Actually … hero? Maybe anti-hero, but no … OK, protagonist? I’m not even sure about that. I’m not saying Shulz wasn’t an artistic marvel, as he obviously was, but count me among the “geez, Peanuts is fucked-up!” audience. I’ve been in that sector ever since reading it in the funnies, among my earliest reading materials at age 4. I kept reading it in part because one simply didn’t not read Peanuts, and in part because it was reinforced constantly via collections lying around everywhere, and certainly because my age group was the one directly targeted by the animated version. (Fun me fact: You’re Not Elected, Charlie Brown aired in 1972, when I was about the age of the kids in the story, and considering the mock Nixon-McGovern election we ran in 2nd grade, at that exact moment, it taught me everything I needed to know about democracy.)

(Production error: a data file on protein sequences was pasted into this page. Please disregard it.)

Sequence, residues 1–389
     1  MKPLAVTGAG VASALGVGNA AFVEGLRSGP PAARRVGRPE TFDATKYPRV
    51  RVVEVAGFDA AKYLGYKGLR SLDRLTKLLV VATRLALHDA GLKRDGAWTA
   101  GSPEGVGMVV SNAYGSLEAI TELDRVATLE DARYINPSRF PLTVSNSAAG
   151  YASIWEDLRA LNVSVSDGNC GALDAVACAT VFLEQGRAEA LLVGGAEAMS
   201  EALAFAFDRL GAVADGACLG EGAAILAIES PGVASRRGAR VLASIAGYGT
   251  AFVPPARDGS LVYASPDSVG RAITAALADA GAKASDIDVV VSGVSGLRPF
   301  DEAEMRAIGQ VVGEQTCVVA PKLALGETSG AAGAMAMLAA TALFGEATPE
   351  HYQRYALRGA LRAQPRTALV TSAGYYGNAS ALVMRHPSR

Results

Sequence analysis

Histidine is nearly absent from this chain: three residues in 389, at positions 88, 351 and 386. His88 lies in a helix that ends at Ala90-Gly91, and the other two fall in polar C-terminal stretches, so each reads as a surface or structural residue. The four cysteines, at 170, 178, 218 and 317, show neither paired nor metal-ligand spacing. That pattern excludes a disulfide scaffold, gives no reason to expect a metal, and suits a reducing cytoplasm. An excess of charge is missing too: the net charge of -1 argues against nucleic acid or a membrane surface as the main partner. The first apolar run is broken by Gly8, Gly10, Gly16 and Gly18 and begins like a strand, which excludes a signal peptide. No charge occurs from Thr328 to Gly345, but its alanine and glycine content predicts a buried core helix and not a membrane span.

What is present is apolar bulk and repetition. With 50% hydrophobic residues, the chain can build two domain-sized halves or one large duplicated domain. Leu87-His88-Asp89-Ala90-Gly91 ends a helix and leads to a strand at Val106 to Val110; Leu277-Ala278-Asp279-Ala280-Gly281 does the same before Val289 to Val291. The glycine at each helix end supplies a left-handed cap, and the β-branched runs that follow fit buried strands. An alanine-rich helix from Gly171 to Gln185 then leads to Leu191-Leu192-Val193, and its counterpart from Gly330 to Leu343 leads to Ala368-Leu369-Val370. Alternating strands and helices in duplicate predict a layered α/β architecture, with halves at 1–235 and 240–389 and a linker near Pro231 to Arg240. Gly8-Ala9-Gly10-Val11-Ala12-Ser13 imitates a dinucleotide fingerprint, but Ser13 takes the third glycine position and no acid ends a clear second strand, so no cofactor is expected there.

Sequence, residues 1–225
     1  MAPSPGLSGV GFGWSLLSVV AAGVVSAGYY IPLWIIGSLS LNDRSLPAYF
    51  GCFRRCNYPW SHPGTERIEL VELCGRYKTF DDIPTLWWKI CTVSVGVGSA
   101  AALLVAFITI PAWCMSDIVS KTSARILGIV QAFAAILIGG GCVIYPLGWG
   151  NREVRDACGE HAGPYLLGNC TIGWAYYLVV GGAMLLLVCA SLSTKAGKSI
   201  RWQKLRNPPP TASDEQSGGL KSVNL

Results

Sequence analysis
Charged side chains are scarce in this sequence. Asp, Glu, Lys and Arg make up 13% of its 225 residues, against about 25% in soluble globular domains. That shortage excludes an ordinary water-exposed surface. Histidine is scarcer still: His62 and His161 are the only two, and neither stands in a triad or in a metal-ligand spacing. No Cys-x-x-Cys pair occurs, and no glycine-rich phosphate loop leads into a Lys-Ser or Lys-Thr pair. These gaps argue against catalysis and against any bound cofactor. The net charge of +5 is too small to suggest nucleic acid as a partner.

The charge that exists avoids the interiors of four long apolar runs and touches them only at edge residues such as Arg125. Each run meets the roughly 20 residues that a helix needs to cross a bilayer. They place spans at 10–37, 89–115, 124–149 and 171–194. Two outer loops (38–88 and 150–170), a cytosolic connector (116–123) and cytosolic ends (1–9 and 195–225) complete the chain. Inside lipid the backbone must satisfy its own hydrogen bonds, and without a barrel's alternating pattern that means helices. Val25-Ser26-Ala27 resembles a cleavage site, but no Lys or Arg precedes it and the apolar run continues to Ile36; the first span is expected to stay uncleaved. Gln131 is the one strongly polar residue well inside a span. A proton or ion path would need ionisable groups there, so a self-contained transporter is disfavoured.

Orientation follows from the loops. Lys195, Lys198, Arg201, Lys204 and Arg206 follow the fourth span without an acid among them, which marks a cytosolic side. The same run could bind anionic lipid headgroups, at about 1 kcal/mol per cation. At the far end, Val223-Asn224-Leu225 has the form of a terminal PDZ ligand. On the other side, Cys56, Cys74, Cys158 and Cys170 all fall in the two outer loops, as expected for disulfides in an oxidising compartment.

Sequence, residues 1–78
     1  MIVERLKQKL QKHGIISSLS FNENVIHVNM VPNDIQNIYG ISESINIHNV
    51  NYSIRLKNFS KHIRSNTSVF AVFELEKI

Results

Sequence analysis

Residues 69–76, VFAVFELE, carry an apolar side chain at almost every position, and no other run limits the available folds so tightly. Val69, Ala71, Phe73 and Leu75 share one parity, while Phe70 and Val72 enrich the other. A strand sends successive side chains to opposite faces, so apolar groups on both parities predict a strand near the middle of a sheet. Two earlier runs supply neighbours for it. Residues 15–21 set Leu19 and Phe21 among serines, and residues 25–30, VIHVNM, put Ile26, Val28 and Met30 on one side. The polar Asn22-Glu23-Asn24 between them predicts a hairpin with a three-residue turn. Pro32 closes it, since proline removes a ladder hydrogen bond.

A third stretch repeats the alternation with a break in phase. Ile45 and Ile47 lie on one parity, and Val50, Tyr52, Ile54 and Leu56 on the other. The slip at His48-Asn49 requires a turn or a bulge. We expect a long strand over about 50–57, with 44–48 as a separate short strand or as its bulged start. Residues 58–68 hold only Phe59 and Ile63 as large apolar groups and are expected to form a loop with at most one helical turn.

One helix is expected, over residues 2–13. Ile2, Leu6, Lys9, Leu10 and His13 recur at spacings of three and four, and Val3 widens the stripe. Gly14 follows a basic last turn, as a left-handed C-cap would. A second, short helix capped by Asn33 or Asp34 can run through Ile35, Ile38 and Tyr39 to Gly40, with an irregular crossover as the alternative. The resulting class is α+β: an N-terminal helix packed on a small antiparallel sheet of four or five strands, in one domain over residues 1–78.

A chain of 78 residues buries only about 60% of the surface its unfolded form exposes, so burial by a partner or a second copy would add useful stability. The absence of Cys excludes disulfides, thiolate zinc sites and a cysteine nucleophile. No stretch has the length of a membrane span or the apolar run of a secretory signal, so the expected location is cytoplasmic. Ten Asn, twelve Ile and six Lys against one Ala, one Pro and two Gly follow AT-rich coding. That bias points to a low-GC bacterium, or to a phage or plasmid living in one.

I only followed it at all because the stuff I liked was frequent enough – Linus’ irrepressible equanimity, Snoopy’s daft (deft?) release of any grip on reality, and Schroeder’s completely rational decision to focus on something important. But I couldn’t stand the way the kids treated one another, and Charlie Brown’s self-defeating qualities were so patently pathological I wanted to run off; the whole “laugh through the pain” thing wore thin fast. By the time some of my peers got to the point of teen suicide, I swore off reading it indefinitely.
However, investigation on this topic has been done and done again; I have nothing to add. My interest here lies in two comics, each by an unspeakably skilled writer-illustrator, which indubitably take a reader’s experience with Peanuts and turn it into something new, providing enough commentary to matter but not fearing to go where the new thoughts will. And both rely on the concept that Charlie Brown’s value as a character lies in connecting the reader, possibly involuntarily, with the misery of the human experience and to a confrontation with the existential void.
Paul Chadwick’s Concrete began in 1986 and might fairly be called Dark Horse’s breakout “we are legit art” comics moment. Ron Lithgow’s brain now resides in a big stony body, and he lives a new life in which personal satisfaction slips into and out of his grasp.